Camus describes life as a collision between human beings who have an innate craving for meaning and a universe that is as indifferent as rock, utterly devoid of meaning. No matter, Camus counsels that we should put the revolver back in the drawer.

Maybe I’m just a glutton for punishment. Maybe I derive some sort of twisted pleasure from wallowing in my own self-pity. Or perhaps I’m seeking answers in an answer-less world. Whatever the case, I’ve been drawn to the worlds of moral philosophy in general and existentialism in particular lately.

That’s a big part of the reason why I decided to read The Existentialist’s Survival Guide by Gordon Marino. As I mentioned last month as part of my “What I’m Into” roundup, I thought that this book would be more prescriptive in nature. That it’d be more of a “here’s how an existentialist can deal with the slings and arrows of everyday existence.” But it’s not really that.

It’s much more descriptive than prescriptive. Author Gordon Marino summarizes key observations and theories put forth by the great existential philosophers of the past. Some of you might already know Albert Camus, the French philosopher paraphrased in the book excerpt above.

Put simply, existentialism posits that the world itself has no inherent meaning whatsoever. The burden falls completely on us as individuals to create our own meaning. On some level, this may sound bleak. On another level, existentialism emphasizes personal freedom and authenticity. You are presented with infinite choice and possibility.

That’s positive… except the near infinite freedom is also a profound source of anxiety.

That freedom, the necessity to constantly make choices, to realize this possibility and close down another, is a font of anxiety. The example that Sartre uses to illustrate this point is one of standing on a cliff edge. Looking over the lip of a thousand-foot drop, our stomachs quiver, we experience anxiety, not because we are in danger of falling but because we feel that we have the freedom to leap.

With existentialism, because you are always free to choose, because you can always create your own meaning, you are also burdened by the constant responsibility to do so. You can choose to take out that revolver, or put it back in the drawer. You do have the freedom to leap, or you can choose to simply stand at the cliff’s edge.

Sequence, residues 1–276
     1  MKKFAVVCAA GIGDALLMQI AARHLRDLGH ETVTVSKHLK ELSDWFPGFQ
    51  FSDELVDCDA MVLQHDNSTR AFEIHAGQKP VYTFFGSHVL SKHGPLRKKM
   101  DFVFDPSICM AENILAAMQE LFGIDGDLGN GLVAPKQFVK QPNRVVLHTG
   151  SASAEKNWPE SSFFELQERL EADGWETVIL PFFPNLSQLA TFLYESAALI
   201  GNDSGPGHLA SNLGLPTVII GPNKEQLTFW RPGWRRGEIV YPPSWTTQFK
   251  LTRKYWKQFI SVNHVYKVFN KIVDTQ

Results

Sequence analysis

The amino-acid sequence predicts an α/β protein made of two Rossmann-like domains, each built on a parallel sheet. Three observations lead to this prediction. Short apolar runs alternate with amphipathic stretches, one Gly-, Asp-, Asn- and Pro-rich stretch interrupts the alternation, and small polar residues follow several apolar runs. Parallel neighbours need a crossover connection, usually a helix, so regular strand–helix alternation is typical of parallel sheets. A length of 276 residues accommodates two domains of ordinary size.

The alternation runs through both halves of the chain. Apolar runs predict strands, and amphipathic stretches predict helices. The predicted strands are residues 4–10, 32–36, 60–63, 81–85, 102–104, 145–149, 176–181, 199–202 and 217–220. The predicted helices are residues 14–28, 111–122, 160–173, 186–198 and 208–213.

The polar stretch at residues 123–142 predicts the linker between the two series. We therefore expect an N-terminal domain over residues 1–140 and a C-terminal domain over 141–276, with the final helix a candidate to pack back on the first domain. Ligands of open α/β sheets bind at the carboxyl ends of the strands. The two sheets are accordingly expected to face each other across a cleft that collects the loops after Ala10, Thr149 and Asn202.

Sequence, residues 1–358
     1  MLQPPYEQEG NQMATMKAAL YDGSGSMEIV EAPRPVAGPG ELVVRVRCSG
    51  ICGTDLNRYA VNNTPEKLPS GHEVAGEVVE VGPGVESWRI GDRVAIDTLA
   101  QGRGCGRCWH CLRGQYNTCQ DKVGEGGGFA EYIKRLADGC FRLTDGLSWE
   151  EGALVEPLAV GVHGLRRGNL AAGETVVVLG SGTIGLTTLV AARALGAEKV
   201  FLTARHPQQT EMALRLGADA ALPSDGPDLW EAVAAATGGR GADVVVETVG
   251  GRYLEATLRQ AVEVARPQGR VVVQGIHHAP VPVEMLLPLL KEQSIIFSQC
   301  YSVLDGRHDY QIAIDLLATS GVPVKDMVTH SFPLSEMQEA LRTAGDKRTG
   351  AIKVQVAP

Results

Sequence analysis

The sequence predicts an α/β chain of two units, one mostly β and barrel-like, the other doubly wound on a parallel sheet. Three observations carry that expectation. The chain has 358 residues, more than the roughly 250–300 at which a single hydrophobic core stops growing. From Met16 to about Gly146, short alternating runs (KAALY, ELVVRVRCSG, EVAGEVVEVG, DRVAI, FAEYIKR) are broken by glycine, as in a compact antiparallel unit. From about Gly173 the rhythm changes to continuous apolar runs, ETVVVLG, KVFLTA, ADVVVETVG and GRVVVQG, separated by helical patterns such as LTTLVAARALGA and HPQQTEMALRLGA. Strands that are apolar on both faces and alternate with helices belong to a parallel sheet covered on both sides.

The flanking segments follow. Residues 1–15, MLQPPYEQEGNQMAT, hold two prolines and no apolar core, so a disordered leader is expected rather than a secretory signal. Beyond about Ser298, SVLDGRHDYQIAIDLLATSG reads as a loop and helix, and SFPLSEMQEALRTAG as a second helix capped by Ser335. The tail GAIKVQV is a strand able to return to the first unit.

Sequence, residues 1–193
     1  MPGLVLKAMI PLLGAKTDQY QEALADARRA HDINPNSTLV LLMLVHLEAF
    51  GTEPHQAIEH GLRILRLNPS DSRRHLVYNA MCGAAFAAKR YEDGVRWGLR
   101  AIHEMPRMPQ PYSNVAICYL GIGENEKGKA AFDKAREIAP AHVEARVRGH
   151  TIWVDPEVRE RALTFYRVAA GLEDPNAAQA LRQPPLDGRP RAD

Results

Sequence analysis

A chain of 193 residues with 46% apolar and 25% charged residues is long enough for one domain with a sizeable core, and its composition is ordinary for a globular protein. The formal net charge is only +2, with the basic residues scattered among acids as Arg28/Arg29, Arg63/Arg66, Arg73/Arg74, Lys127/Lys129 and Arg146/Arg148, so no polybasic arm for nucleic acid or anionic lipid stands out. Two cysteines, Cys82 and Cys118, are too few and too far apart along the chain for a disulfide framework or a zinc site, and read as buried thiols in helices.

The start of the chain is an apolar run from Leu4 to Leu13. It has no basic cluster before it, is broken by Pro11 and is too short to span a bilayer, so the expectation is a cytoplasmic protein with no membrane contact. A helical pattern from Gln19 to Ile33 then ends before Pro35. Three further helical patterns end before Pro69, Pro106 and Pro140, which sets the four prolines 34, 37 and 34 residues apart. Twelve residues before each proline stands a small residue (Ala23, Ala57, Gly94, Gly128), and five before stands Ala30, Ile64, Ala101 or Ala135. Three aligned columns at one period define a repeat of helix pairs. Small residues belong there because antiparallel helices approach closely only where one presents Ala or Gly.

Maybe Uncle Ben borrowed some of his sage wisdom from French playwright Jean-Paul Sartre. And you don’t even need to be bitten by a radioactive spider to realize the power of such an observation either.

As someone who has been riddled with anxiety and existential angst for as long as he can remember, I can certainly identify with this sentiment. Maybe these kinds of concerns have become increasingly relevant in a society where we’re encouraged to “do what you love.” A job isn’t just a paycheck; it’s supposed to be a passion, a calling, a fulfilling endeavor filled with personal meaning.

A meaning that you’re supposed to create for yourself. And if you don’t find that kind of meaning in your work and in your day-to-day, the anxiety creeps in like an insidious phantasm. Are you really keeping it real? Are you living an authentic life?

Perhaps as a way of defending ourselves against our own doubts and inner voices, many of us hanker for admiration. We yearn to be desired, valued. We want to be loved as the people we aspire and perhaps imagine ourselves to be, not the flesh-and-blood fallible creatures that we are. Being loved for the sometimes kind and at other times tantrum-throwing child that we might be feels too much like pity, like forgiveness.

In a world devoid of intrinsic meaning, where you’re saddled with the responsibility of creating your own meaning, we can’t help but desire some sort of external validation. As kids, we might exclaim, “Don’t tell me what to do!” As adults, we plead, “Please, just tell me what to do.”

Am I doing this right? Am I being my “best self” and serving as a positive role model? Or is all of this just another meaningless journey that ultimately leads to the same final destination as everyone else? Oh, the melancholy and anxiety of mortal existence!